(Bloomberg) -- The founders of D.E. Shaw and Two Sigma Investments coded over cocktails, definitely off-duty from algorithmic money-making.
David Shaw and David Siegel took turns animating a cat and making a variation of a Bach Cello Suite in Scratch, the visual programming language their kids have mastered. They were at a benefit for the Scratch Foundation Wednesday in Tribeca, with Siegel’s Two Sigma co-founder John Overdeck and Blackstone Group’s Tom Hill.
“Scratch has become a very significant part of my life,” said Siegel, noting how the free platform and community makes building 21st century skills accessible (which is a focus of the Siegel Family Endowment). “It’s an important tool to make sure kids will not be left behind.”
The event kicked off a $50 million, five-year fundraising campaign, aimed at expanding the number of users to a billion from 200 million. Designed for children ages 8 to 16, Scratch is a platform that develops computational thinking and creativity, said Mitchel Resnick, its creator and an MIT Media Lab professor of learning research. Scratch is available in 40 languages.
When Siegel’s son, then in kindergarten, told him he wanted to code, the hedge fund founder poked around on the internet and found Scratch. “I gave him a tip or two,” he said. “It was really a self-directed learning experience."
A few years later, the pair went to a Scratch conference at MIT at his son’s request. “We had a great time,” Siegel said. “When I saw all the other kids, I really felt they had to find a way to make this available to every single one." That was when he told Resnick they would start a foundation, which funded ScratchJr, a wordless version for the younger set, and ScratchEd, which helps teachers bring it to the classroom. Scratch 3.0 will be unveiled in August.
Other galas celebrated more ancient technologies -- by Scratch standards. Take the one Thursday for Jewish Board, marking 144 years of caring for those in need. The evening honored Stephanie Bernheim and board President Alice Tisch. The nonprofit’s $250 million annual budget funds 50 mental health clinics, a nursery school for children with autism and supportive housing for children and adults. Guests included Owl Rock Capital’s Marc Lipschultz, Ron Lauder and Ilana Ruskay-Kidd, founder of the Shefa School for children with language-based learning disabilities.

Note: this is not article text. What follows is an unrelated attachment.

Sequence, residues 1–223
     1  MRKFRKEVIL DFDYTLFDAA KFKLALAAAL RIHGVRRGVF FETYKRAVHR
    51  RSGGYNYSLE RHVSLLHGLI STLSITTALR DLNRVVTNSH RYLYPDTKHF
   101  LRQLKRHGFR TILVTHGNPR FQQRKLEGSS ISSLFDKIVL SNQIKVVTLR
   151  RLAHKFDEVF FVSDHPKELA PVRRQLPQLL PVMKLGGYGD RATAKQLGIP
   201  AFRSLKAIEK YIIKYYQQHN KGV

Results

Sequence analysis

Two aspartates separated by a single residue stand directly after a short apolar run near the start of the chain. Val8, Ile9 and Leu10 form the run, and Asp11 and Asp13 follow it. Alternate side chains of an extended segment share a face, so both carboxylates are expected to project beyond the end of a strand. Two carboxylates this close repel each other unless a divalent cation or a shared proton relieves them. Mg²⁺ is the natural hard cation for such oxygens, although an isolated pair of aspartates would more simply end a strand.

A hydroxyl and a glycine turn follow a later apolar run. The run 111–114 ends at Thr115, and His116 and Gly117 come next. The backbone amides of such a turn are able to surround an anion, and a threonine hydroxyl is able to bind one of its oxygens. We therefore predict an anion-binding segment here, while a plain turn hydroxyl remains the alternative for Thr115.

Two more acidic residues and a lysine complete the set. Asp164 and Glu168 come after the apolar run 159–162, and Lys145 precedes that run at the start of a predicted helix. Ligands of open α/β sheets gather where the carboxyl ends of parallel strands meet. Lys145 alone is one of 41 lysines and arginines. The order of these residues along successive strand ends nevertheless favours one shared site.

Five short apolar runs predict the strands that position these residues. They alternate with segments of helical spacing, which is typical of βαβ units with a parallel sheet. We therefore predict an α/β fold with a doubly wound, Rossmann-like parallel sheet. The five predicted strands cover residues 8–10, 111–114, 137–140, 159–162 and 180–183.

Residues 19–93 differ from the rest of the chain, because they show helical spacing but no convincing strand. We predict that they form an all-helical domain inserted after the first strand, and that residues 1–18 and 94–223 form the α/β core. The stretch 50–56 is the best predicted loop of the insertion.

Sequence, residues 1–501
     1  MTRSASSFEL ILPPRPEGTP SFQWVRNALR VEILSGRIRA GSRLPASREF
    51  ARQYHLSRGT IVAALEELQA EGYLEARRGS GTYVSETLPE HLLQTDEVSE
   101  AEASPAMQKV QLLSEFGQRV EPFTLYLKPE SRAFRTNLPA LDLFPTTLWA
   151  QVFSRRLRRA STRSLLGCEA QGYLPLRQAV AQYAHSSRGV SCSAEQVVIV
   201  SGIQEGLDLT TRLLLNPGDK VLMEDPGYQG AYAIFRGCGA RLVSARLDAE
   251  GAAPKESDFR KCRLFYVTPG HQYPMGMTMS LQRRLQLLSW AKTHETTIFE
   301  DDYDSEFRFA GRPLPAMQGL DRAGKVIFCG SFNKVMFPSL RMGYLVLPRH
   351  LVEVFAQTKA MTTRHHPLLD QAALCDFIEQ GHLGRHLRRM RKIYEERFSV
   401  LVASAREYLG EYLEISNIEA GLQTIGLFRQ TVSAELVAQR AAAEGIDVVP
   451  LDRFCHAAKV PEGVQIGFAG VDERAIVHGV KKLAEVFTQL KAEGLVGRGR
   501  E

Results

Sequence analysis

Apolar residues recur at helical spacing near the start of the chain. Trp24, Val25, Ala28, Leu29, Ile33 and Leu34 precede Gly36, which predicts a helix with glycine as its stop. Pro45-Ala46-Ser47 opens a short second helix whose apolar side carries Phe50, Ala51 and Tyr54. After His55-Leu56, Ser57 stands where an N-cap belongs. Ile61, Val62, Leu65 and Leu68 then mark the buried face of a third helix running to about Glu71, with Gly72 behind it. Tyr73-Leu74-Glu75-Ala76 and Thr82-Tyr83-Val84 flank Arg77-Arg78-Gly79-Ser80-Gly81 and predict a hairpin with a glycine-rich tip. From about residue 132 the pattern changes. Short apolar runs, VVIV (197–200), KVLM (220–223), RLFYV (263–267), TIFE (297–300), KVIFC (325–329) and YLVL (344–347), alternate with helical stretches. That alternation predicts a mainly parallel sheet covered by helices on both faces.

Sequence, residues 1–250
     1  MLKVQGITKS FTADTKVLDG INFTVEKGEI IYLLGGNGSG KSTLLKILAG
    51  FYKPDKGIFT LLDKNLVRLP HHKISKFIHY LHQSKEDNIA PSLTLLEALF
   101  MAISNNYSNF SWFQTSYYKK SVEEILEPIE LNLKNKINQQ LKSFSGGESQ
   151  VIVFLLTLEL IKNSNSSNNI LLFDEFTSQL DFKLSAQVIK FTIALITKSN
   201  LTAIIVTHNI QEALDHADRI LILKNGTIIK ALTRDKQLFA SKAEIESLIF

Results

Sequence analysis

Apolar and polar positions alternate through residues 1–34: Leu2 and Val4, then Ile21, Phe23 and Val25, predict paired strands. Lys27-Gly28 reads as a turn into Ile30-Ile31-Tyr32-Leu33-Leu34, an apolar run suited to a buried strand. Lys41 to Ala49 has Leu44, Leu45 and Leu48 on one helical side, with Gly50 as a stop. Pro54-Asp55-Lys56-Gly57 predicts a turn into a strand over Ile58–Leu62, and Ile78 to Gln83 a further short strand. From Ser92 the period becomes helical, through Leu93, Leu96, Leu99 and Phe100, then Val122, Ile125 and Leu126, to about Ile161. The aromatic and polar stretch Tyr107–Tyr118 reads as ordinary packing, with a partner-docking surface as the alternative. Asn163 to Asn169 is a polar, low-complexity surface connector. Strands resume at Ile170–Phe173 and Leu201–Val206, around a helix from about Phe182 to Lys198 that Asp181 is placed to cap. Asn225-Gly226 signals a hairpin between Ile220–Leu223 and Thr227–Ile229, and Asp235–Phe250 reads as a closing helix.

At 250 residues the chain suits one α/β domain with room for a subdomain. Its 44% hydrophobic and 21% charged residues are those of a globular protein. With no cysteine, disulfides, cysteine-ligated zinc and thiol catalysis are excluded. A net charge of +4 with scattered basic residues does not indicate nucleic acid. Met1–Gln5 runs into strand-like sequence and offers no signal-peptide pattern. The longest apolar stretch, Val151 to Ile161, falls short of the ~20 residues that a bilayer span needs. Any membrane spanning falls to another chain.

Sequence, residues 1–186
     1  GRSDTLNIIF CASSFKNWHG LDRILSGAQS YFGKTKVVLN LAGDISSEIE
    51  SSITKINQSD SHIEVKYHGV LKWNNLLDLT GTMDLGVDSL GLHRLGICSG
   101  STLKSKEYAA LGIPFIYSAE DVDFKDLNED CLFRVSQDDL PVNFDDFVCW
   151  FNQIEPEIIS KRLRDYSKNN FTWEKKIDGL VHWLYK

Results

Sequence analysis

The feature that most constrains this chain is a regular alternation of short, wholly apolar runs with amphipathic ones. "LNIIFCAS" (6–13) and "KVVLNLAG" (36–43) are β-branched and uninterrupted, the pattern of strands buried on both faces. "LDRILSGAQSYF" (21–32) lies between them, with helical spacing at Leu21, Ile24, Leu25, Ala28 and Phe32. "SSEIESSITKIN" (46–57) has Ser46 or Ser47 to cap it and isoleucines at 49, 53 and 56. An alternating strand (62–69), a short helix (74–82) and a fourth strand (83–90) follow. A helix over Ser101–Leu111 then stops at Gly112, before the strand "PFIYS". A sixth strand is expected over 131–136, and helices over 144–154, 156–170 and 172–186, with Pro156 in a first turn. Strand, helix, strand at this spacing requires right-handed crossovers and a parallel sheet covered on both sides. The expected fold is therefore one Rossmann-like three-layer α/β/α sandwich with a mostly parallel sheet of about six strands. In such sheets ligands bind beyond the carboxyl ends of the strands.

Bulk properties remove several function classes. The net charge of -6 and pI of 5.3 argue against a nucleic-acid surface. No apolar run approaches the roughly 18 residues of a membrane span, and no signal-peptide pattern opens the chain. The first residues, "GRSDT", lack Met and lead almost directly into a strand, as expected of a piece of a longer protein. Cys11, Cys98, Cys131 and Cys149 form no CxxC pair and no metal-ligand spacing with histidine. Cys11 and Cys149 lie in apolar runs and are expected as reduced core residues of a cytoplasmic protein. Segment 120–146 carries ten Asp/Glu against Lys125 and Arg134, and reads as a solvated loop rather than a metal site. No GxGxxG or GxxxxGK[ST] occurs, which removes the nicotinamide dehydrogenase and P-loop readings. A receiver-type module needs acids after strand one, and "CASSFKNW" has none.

Janet Yellen, the former chair of the Federal Reserve, recalled rifling through “the gigantic card catalog” at the Brooklyn Public Library as the institution honored her Tuesday night at Weylin in Williamsburg. On hand from Goldman Sachs were library trustees Kim Posnett and Sandra Schubert. Yellen said she’s reading Arlie Russell Hochschild’s “Strangers in Their Own Land: Anger and Mourning on the American Right."
The New York Public Library used exquisite flowers to coax donations for personalized book plates at its April 19 luncheon where guests included novelist Janice Lee (wife of KKR co-president Joe Bae), who just published a short story on Amazon called “Bush," set in Botswana; and Caitlin Macy (wife of JPMorgan’s Jeremy Barnum), author of “Mrs.,” set on the Upper East Side. Zibby Owens, daughter of Blackstone chief Stephen Schwarzman, said she’s writing a book about falling in love at 40 and has started a podcast, “Moms Don’t Have Time to Read Books.”
And then there was fire. At the Pioneer Works Village Fete, David Puth of CLS Bank, Monica Lewinsky, Maria Popova of the website Brain Pickings, the Studio Museum in Harlem’s Thelma Golden and Lawrence Benenson, a MoMA trustee, received matches to light and burn bundles of herbs. This set the mood to raise more than $100,000 for solar panels at the Red Hook art and science center.
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